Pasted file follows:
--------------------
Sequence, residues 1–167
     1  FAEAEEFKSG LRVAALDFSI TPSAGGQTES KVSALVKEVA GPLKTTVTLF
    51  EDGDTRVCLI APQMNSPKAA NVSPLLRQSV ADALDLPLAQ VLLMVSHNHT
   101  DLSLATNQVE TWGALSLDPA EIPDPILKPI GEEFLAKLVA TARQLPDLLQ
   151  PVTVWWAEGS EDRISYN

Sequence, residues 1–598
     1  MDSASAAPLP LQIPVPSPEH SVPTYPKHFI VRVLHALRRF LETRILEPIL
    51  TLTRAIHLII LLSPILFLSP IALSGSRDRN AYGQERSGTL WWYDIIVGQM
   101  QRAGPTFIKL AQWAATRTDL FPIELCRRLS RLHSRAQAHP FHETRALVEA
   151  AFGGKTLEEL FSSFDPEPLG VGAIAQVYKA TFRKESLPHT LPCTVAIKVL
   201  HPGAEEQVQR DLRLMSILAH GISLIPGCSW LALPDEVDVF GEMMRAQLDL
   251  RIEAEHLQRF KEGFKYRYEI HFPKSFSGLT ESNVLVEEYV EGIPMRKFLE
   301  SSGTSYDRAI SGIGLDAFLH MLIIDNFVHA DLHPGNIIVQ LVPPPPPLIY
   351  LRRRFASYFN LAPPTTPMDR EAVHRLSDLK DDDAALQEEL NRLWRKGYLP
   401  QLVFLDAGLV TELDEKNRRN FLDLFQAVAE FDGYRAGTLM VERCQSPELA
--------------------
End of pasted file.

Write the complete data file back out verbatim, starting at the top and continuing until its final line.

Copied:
Sequence, residues 1–167
     1  FAEAEEFKSG LRVAALDFSI TPSAGGQTES KVSALVKEVA GPLKTTVTLF
    51  EDGDTRVCLI APQMNSPKAA NVSPLLRQSV ADALDLPLAQ VLLMVSHNHT
   101  DLSLATNQVE TWGALSLDPA EIPDPILKPI GEEFLAKLVA TARQLPDLLQ
   151  PVTVWWAEGS EDRISYN

Sequence, residues 1–598
     1  MDSASAAPLP LQIPVPSPEH SVPTYPKHFI VRVLHALRRF LETRILEPIL
    51  TLTRAIHLII LLSPILFLSP IALSGSRDRN AYGQERSGTL WWYDIIVGQM
   101  QRAGPTFIKL AQWAATRTDL FPIELCRRLS RLHSRAQAHP FHETRALVEA
   151  AFGGKTLEEL FSSFDPEPLG VGAIAQVYKA TFRKESLPHT LPCTVAIKVL
   201  HPGAEEQVQR DLRLMSILAH GISLIPGCSW LALPDEVDVF GEMMRAQLDL
   251  RIEAEHLQRF KEGFKYRYEI HFPKSFSGLT ESNVLVEEYV EGIPMRKFLE
   301  SSGTSYDRAI SGIGLDAFLH MLIIDNFVHA DLHPGNIIVQ LVPPPPPLIY
   351  LRRRFASYFN LAPPTTPMDR EAVHRLSDLK DDDAALQEEL NRLWRKGYLP
   401  QLVFLDAGLV TELDEKNRRN FLDLFQAVAE FDGYRAGTLM VERCQSPELA